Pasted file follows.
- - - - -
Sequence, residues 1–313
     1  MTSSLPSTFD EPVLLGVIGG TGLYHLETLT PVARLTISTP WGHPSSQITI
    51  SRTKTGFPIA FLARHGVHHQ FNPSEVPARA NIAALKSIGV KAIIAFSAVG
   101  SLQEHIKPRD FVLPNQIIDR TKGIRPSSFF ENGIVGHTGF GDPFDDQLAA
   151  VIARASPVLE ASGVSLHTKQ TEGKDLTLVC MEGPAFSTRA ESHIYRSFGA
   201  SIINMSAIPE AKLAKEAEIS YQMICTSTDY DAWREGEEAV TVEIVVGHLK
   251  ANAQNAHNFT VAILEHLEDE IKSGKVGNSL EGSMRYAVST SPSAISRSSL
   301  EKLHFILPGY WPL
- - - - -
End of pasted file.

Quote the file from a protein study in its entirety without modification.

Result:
Sequence, residues 1–313
     1  MTSSLPSTFD EPVLLGVIGG TGLYHLETLT PVARLTISTP WGHPSSQITI
    51  SRTKTGFPIA FLARHGVHHQ FNPSEVPARA NIAALKSIGV KAIIAFSAVG
   101  SLQEHIKPRD FVLPNQIIDR TKGIRPSSFF ENGIVGHTGF GDPFDDQLAA
   151  VIARASPVLE ASGVSLHTKQ TEGKDLTLVC MEGPAFSTRA ESHIYRSFGA
   201  SIINMSAIPE AKLAKEAEIS YQMICTSTDY DAWREGEEAV TVEIVVGHLK
   251  ANAQNAHNFT VAILEHLEDE IKSGKVGNSL EGSMRYAVST SPSAISRSSL
   301  EKLHFILPGY WPL